Fortunately, they did and this last weekend we devoted most of the weekend to uncovering her, cleaning her out (the Hendersons left a bunch of stuff inside we were welcome to but most of it was trashed), taking measurements, making lists, and discussing everything we want to do with her.

I also got around to taking interior photos, though I realize now I didn’t get any great shots of the console/cockpit area or the closet for the washer/dryer. I’ll take those soon and throw them up here. Click on any of these to see them much larger. Also worth noting, we’d already pulled some of the “decorative” border wallpaper down so you’ll see some weird spaces with tears where that was around the bathroom area.

Serenica Landship: Passenger seat and fold-out table with chair near entrance

Passenger seat and fold-out table with chair near entrance

Serenica Landship: Passenger seat area

Passenger seat area

Serenica Landship: Passenger seat/cockpit area

Passenger seat/cockpit area

Serenica Landship: Sofa and kitchen

Sofa and kitchen

Serenica Landship: Sofa and kitchen

Sofa and kitchen

Serenica Landship: Sofa

Sofa

Serenica Landship: KItchen and sofa

KItchen and sofa

Serenica Landship: Looking toward the cockpit from the kitchen

Looking toward the cockpit from the kitchen

Serenica Landship: Entrance and kitchen table

Entrance and kitchen table

Serenica Landship: View of kitchen from entrance

View of kitchen from entrance

Serenica Landship: Kitchen

Kitchen

Serenica Landship: View of kitchen table from sofa // The door behind the booth (next to Mike) is the door to the washer/dryer closet. It sits across from the fridge

View of kitchen table from sofa // The door behind the booth (next to Mike) is the door to the washer/dryer closet. It sits across from the fridge

Serenica Landship: View to kitchen and bathroom suite from the booth.

View to kitchen and bathroom suite from the booth.

Serenica Landship: Kitchen table booth

Kitchen table booth

Serenica Landship: View to kitchen table from entrance steps, looking left.

View to kitchen table from entrance steps, looking left.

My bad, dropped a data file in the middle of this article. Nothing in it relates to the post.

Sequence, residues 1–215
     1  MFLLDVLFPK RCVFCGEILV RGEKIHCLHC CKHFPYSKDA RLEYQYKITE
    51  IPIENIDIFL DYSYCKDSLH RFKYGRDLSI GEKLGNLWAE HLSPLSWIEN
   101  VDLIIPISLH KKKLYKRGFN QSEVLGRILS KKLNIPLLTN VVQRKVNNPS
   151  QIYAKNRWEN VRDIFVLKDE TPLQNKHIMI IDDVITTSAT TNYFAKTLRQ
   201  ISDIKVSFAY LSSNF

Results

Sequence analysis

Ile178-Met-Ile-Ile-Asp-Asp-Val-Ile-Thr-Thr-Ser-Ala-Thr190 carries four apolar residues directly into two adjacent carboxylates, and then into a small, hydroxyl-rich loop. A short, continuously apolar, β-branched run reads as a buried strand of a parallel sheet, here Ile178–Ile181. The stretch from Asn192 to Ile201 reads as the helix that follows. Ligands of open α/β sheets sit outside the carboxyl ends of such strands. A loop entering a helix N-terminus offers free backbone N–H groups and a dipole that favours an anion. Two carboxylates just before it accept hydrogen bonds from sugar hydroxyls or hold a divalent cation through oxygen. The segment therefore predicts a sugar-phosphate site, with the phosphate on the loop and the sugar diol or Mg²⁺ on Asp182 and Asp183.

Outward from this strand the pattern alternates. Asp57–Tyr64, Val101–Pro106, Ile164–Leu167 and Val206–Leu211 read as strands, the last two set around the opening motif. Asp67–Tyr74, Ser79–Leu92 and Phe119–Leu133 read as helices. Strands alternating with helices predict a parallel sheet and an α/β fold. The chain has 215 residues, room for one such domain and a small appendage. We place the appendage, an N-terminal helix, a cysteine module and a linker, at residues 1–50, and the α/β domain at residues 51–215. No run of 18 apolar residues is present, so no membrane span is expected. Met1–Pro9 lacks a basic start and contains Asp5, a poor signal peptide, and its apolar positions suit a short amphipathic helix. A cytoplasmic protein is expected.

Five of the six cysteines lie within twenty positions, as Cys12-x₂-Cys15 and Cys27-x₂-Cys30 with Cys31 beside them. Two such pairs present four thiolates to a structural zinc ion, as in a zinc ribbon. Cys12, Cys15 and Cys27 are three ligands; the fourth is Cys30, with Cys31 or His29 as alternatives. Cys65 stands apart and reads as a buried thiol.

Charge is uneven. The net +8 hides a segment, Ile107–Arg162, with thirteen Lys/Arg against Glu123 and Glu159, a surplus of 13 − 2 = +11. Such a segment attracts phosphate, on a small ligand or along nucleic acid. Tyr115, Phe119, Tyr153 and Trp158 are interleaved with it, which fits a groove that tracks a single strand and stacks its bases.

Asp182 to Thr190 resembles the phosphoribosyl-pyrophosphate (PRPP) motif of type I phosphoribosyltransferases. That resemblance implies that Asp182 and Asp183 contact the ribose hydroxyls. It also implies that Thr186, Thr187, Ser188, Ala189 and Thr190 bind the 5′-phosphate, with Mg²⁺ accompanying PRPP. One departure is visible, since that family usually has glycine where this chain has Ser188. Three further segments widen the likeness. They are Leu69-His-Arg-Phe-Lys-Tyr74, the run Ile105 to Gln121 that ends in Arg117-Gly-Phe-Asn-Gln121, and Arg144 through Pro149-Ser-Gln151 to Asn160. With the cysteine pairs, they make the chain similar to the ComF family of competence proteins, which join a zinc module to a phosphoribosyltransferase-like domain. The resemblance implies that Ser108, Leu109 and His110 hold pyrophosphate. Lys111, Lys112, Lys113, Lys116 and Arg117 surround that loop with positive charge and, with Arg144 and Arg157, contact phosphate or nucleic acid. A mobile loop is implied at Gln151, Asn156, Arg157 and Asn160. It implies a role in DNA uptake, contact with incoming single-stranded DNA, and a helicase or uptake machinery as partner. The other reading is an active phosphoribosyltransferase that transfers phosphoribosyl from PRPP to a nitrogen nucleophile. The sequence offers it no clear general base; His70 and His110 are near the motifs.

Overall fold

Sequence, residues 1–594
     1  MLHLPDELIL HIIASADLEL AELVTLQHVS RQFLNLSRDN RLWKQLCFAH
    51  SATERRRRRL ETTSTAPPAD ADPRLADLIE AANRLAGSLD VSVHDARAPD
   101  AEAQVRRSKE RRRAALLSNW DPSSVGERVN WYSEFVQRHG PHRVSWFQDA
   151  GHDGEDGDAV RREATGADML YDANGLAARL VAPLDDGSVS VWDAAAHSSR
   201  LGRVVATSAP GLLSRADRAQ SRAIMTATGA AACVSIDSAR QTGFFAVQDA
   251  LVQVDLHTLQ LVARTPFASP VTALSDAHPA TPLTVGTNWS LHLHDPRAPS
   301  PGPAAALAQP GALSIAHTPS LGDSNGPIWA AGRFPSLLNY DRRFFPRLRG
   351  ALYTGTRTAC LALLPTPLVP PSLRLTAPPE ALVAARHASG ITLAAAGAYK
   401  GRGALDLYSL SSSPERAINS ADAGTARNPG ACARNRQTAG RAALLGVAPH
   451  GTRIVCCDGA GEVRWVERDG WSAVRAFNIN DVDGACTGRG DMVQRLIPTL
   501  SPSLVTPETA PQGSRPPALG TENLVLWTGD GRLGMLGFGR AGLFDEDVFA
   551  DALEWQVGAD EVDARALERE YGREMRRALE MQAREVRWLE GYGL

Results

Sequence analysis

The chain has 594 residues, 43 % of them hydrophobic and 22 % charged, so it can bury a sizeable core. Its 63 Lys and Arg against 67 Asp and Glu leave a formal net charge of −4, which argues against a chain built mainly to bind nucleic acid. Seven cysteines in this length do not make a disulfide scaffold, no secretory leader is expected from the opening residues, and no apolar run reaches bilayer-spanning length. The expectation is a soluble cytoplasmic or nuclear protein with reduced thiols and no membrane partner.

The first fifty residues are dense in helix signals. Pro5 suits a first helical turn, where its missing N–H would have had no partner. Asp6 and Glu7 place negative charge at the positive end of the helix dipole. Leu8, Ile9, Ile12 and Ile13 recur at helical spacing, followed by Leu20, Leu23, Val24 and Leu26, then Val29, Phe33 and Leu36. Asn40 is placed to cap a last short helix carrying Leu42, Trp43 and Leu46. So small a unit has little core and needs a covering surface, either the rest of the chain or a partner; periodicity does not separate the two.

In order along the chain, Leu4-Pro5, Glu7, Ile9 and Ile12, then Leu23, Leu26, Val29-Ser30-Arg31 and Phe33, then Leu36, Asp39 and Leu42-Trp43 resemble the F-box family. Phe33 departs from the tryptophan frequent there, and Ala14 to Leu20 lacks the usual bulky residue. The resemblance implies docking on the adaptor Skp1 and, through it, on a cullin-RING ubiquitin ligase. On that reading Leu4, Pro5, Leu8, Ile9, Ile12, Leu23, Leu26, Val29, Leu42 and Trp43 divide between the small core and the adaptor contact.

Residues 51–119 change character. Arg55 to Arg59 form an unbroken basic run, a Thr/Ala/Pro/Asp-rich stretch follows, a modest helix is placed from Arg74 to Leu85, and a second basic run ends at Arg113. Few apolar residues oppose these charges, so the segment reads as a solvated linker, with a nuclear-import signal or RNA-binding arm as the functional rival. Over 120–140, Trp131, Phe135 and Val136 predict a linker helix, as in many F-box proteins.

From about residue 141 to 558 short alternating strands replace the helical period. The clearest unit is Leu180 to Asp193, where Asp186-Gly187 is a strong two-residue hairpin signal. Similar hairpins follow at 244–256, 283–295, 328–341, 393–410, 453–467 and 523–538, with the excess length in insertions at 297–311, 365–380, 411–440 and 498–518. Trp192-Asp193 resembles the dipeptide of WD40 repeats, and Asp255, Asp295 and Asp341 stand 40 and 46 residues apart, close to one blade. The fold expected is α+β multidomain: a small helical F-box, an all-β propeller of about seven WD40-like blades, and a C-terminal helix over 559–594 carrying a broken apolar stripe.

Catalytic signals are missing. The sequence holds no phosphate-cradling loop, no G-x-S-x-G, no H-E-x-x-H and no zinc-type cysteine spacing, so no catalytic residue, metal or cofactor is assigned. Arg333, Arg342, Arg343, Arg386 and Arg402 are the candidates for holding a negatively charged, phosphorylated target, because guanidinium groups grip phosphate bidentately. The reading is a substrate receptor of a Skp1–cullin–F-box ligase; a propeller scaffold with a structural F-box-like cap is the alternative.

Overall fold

Serenica Landship: Bathroom suite // Shower and vanity

Bathroom suite // Shower and vanity

Serenica Landship: Bathroom suite // Shower and vanity

Bathroom suite // Shower and vanity

Serenica Landship: Bathroom suite // Door to toilet closet-room

Bathroom suite // Door to toilet closet-room

Serenica Landship: Bathroom suite // Door to toilet closet-room

Bathroom suite // Door to toilet closet-room

Serenica Landship: Bathroom suite // Door to toilet closet-room

Bathroom suite // Door to toilet closet-room

Serenica Landship: Bathroom suite // Door to toilet closet-room

Bathroom suite // Door to toilet closet-room

Serenica Landship: Bathroom suite // Toilet closet-room

Bathroom suite // Toilet closet-room

Serenica Landship: Bathroom suite // Toilet closet-room

Bathroom suite // Toilet closet-room

Serenica Landship: Bedroom (with a view to the bathroom suite)

Bedroom (with a view to the bathroom suite)

Serenica Landship: Bedroom (with a view to the bathroom suite)

Bedroom (with a view to the bathroom suite)

Serenica Landship: Bedroom looking left

Bedroom looking left

Serenica Landship: Bedroom looking right

Bedroom looking right

Serenica Landship: Bedroom

Bedroom

Serenica Landship: Bathroom suite // Door to toilet closet-room

Bathroom suite // Door to toilet closet-room

Serenica Landship: Light fixture over kitchen table // Detail

Light fixture over kitchen table // Detail